Thank you, Susan, for your support and noting the breadth of the pro-equality faith community. An engaged and visionary coalition of clergy and leaders from many faith traditions is essential to countering the fundamentalist conservative talking points about gays and demonstrating that rather than being permanently cast as polar opposites, LGBT people are indeed welcomed and supported by a number of denominations and religions. Such a public witness was a critical component of bringing same-sex marriage rights to the District of Columbia, Maryland, and New York.

    Illinois already has civil unions, but since the federal government does not recognize those arrangements as marriage, lawfully married Illinois same-sex couples are denied the same benefits as were the plaintiffs in New Jersey. Sooner or later, equal justice under law and marriage equality will come to every state, even those such as Virginia, Michigan, and North Carolina, which are extreme in denying legal protections to LGBT families and their children. If the legislators don’t show the requisite courage to enact civil marriage for otherwise eligible gay and lesbian couples, then I am confident that federal and state judges and justices will get the job done, and I’m fine with that, too.

  • mitchw7959

    Thank you, Susan, for your support and noting the breadth of the pro-equality faith community. An engaged and visionary coalition of clergy and leaders from many faith traditions is essential to countering the fundamentalist conservative talking points about gays and demonstrating that rather than being permanently cast as polar opposites, LGBT people are indeed welcomed and supported by a number of denominations and religions. Such a public witness was a critical component of bringing same-sex marriage rights to the District of Columbia, Maryland, and New York.

    Illinois already has civil unions, but since the federal government does not recognize those arrangements as marriage, lawfully married Illinois same-sex couples are denied the same benefits as were the plaintiffs in New Jersey. Sooner or later, equal justice under law and marriage equality will come to every state, even those such as Virginia, Michigan, and North Carolina, which are extreme in denying legal protections to LGBT families and their children. If the legislators don’t show the requisite courage to enact civil marriage for otherwise eligible gay and lesbian couples, then I am confident that federal and state judges and justices will get the job done, and I’m fine with that, too.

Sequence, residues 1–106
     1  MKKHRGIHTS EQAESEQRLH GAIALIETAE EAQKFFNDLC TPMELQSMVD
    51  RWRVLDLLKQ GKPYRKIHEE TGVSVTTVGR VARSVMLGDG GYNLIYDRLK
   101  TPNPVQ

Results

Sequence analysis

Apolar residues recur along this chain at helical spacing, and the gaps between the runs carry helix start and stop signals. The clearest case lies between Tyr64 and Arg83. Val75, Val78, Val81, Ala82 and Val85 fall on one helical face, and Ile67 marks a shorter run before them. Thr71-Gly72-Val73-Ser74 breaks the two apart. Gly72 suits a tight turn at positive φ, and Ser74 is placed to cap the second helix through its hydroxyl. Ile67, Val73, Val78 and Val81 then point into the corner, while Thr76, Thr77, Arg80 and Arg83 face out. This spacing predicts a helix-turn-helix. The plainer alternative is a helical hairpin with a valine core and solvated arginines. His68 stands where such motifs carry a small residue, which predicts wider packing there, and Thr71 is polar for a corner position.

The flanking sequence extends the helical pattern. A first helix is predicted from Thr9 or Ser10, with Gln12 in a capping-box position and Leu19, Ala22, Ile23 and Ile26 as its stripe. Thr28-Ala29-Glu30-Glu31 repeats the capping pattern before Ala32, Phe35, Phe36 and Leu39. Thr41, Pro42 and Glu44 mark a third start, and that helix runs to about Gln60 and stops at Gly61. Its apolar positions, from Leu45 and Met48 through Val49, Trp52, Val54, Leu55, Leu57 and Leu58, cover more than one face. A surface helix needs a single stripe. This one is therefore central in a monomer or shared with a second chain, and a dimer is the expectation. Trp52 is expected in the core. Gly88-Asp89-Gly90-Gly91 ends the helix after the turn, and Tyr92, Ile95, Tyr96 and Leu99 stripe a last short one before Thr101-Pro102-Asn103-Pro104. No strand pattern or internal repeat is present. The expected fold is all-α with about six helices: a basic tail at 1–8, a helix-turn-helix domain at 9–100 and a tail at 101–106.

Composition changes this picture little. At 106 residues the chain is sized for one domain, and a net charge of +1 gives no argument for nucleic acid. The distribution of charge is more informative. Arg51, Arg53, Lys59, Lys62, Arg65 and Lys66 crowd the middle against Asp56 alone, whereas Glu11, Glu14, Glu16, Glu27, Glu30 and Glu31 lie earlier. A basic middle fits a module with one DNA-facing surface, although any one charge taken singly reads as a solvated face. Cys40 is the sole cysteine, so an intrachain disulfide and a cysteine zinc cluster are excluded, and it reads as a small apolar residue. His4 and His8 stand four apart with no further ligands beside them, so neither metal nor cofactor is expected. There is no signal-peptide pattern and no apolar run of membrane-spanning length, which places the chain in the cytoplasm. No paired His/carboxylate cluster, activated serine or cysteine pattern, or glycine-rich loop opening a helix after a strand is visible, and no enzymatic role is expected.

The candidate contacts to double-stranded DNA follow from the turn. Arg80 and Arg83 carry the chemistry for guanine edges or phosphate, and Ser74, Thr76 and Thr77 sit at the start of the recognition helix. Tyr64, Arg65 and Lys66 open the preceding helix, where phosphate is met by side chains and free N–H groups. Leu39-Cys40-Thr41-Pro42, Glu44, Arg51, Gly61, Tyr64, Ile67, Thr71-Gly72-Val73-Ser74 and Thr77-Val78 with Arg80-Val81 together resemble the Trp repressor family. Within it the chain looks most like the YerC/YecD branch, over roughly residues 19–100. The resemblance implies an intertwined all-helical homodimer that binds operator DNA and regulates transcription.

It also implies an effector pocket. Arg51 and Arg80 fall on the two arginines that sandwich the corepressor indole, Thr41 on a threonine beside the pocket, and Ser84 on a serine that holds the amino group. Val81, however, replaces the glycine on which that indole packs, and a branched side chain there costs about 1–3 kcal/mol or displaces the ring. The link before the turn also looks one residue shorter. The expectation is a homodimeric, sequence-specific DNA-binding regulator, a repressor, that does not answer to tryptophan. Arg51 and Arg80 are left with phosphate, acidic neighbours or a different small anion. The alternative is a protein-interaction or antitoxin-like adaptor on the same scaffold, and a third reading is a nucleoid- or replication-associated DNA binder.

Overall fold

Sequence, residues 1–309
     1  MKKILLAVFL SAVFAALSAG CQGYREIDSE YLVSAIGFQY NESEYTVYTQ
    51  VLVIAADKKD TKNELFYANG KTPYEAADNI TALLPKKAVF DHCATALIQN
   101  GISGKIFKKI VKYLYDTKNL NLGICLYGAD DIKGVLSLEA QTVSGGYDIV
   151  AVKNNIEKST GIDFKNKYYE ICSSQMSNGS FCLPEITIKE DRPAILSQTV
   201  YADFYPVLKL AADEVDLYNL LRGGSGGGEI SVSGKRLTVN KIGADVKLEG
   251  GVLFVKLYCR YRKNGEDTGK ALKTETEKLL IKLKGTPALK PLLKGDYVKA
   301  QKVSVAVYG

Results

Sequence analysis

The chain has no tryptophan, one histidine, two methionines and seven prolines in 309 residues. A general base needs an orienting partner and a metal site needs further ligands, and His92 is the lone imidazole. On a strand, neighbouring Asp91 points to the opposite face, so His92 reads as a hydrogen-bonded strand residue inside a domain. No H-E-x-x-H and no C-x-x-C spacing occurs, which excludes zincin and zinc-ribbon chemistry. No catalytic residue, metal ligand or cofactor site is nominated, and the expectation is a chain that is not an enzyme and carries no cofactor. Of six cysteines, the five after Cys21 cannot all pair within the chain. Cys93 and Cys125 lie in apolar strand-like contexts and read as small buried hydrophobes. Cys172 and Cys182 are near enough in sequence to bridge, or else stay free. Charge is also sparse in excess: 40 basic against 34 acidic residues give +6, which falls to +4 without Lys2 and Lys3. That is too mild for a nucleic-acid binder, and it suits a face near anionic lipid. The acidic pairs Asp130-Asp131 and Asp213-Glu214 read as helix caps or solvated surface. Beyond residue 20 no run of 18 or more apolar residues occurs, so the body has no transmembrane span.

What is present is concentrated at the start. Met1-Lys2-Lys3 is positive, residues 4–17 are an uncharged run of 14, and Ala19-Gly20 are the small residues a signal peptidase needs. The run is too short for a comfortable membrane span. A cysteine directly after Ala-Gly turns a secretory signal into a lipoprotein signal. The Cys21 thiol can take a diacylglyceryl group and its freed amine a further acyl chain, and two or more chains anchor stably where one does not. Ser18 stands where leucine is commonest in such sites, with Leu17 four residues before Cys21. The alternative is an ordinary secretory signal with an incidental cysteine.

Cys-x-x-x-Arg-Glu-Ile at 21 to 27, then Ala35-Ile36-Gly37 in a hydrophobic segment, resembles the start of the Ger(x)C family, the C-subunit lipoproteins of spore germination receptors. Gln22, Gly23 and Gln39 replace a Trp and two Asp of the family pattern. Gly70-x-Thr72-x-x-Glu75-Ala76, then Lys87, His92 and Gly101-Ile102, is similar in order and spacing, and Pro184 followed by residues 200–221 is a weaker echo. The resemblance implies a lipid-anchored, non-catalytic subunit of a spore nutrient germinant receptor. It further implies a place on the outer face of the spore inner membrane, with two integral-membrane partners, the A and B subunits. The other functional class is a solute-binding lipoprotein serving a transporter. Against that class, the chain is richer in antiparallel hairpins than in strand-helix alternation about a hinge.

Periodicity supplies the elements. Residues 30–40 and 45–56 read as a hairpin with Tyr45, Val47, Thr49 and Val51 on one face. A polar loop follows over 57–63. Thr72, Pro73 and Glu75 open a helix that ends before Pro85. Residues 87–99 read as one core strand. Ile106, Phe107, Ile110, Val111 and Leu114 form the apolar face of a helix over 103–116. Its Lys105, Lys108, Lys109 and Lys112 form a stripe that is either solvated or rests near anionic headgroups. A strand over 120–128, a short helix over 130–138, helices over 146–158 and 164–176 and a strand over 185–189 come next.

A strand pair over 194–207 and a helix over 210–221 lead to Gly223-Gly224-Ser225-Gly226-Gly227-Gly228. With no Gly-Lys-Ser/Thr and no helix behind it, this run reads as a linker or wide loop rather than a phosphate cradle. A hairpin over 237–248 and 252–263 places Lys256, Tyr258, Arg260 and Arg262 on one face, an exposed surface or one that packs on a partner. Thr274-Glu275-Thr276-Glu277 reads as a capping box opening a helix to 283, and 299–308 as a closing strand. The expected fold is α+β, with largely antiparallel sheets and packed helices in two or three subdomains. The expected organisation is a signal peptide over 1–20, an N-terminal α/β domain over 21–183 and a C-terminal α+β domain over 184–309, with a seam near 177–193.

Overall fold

• Joel Hardman

    If anyone needed proof that political power corrupts, here it is: politicians (including President Obama) are willing to deny civil rights to Americans for political gain.

  • Joel Hardman

    If anyone needed proof that political power corrupts, here it is: politicians (including President Obama) are willing to deny civil rights to Americans for political gain.

  • Joel Hardman

    If anyone needed proof that political power corrupts, here it is: politicians (including President Obama) are willing to deny civil rights to Americans for political gain.

  • Joel Hardman

    If anyone needed proof that political power corrupts, here it is: politicians (including President Obama) are willing to deny civil rights to Americans for political gain.

  • SJames6621

    tthats kinda wierd since Obama supports gays marrying.

  • SJames6621

    tthats kinda wierd since Obama supports gays marrying.

  • Truthbetold3

    Re: “may be delayed until after January out of fear by some lawmakers that their vote could be used to mount a challenge against them”

    Political expediency should NEVER usurp people’s rights and freedoms.

    Shame on them for acting “out of fear”.

  • Truthbetold3

    Re: “may be delayed until after January out of fear by some lawmakers that their vote could be used to mount a challenge against them”

    Political expediency should NEVER usurp people’s rights and freedoms.

    Shame on them for acting “out of fear”.